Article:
I’ve been out in the garden doing the usual dividing, moving and planting this fall. I also got rid of an old trellis and several chainsaw-carved madrone logs on OfferUp, which is a great way to keep stuff out of the landfill.
You know that old saying, “one person’s old, tired garden junk is another person’s treasure?” I may have mangled that just a little bit, but it’s true nevertheless.
I’m looking forward to my winter indoor nesting time. Who knows, maybe we’ll even finish sanding and staining our kitchen cabinets, which we started last fall. There just never seems to be enough time.
Maybe we need a fifth season: Winter, spring, summer, fall and where did all the time go?
1. Plant spring and summer flowering bulbs now. I usually plant dozens of tulips, alliums and lilies now so that we can enjoy them next spring and summer. It’s something to look forward to, especially if we have had a long, hard winter.
2. This is the best time to plant drought-tolerant plants and most everything else. The ground is still warm, so the roots will grow, and the fall rain and cooler weather will keep them from going into shock. By spring, they will be up and running.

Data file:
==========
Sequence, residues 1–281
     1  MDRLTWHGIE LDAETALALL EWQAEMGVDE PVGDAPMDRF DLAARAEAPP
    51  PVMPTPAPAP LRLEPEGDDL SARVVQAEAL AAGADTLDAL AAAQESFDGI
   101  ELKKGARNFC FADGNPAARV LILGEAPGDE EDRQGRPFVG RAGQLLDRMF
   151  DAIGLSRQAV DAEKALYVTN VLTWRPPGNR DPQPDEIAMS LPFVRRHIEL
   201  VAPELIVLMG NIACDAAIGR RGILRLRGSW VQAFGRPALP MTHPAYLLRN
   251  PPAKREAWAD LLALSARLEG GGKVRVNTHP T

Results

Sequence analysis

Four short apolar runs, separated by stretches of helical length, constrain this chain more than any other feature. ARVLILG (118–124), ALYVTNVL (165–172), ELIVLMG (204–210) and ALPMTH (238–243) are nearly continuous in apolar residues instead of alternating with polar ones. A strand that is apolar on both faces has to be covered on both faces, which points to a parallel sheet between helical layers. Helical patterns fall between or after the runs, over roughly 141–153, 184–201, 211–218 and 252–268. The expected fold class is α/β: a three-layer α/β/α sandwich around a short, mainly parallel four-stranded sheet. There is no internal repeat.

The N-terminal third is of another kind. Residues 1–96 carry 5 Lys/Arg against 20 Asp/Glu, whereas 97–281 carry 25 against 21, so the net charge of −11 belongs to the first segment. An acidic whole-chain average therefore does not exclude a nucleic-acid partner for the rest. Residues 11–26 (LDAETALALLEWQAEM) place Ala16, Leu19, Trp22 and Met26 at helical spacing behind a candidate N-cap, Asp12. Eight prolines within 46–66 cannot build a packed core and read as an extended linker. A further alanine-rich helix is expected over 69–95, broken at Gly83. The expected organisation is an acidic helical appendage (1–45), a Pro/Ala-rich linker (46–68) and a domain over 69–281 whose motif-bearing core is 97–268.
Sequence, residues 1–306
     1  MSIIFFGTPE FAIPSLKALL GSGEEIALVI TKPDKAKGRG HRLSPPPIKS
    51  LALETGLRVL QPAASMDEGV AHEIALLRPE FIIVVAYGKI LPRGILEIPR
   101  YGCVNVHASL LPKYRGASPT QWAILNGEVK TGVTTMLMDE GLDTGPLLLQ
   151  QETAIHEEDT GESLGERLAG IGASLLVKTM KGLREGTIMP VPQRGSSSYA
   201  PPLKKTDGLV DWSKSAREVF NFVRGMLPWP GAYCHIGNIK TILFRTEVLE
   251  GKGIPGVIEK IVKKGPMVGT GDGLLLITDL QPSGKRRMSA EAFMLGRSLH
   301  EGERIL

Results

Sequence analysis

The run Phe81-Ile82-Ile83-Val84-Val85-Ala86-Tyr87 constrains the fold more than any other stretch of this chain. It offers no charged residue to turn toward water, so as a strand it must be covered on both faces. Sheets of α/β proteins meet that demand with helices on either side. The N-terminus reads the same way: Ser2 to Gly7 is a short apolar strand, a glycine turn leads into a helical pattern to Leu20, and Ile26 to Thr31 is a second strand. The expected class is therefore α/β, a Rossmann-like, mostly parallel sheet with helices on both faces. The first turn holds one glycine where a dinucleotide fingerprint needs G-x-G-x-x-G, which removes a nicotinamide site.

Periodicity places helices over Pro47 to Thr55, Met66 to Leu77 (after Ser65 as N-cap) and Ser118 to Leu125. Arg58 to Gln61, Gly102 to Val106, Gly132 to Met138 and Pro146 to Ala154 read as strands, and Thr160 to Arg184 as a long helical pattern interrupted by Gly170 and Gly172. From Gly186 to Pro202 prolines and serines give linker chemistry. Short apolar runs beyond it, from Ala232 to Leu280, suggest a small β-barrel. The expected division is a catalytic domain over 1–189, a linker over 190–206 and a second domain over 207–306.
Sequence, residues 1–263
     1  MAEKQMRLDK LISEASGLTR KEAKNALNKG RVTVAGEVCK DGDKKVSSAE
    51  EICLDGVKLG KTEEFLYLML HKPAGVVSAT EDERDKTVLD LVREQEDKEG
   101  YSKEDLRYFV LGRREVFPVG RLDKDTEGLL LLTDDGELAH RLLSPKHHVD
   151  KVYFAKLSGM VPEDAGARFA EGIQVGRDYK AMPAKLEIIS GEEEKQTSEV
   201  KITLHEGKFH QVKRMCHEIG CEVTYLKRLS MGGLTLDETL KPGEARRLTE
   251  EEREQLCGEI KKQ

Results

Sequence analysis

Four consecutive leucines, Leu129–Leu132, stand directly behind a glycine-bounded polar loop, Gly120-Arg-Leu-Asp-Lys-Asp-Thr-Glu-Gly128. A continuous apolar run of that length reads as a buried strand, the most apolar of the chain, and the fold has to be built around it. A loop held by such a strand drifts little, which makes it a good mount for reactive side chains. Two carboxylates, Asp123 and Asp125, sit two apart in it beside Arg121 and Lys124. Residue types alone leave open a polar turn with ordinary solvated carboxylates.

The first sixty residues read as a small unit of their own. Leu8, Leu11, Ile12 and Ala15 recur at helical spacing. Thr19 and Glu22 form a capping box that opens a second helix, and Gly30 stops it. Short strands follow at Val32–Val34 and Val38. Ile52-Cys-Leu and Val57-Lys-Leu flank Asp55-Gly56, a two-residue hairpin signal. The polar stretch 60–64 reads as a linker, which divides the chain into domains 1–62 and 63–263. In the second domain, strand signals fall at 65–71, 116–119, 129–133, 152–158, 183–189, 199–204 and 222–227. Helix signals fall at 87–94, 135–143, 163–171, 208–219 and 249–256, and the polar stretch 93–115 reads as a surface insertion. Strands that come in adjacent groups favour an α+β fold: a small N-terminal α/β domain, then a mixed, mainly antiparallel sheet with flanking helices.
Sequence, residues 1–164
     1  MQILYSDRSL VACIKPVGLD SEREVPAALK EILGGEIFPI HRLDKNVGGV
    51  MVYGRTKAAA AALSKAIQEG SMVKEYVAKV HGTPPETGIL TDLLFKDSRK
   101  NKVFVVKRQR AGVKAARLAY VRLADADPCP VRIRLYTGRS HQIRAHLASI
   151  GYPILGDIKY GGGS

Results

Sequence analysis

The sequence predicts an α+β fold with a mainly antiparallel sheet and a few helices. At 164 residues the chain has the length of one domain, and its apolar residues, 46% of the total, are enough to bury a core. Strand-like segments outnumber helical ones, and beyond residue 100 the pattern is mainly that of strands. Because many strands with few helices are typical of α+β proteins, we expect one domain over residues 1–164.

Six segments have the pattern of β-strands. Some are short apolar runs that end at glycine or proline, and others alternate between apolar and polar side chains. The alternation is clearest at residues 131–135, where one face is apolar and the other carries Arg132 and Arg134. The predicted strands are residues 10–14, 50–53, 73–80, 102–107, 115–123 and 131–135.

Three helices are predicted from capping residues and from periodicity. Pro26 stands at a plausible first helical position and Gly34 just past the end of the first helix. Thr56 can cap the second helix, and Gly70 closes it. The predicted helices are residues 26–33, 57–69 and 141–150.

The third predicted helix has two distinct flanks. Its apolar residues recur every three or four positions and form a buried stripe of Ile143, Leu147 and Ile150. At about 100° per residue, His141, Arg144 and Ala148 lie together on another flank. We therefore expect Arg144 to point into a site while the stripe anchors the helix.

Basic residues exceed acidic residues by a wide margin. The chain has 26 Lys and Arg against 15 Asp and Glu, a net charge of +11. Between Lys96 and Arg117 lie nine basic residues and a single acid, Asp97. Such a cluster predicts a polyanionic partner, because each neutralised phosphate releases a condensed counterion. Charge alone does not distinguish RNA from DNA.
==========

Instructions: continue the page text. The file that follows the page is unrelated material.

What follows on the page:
3. Agaves are an exception to the fall planting rule. They prefer to be planted in the spring or they will rot. I have a collection of agave, some of which are tender. The hardy agave are fine unprotected out in the garden as long as they are well established and in heavily amended, fast-draining soil. The tender agave I either bring into the garage or onto the covered porch
4. House plants are the rage. Buy them now and set them up inside so that you can get your plant fix during the short, dark days of winter. I let many of our indoor house plants vacation outside during the summer and then bring them back indoors right about now. I find they really thrive as long as I keep the slugs and pests away
5. Now is the time to dig, divide and move many plants such as spring and summer blooming perennials, ground covers and shrubs. It gives them time to settle in before next spring. Wait until early next spring to divide ornamental grasses. Contact your local garden club and donate any of your extra divisions for their spring plant sales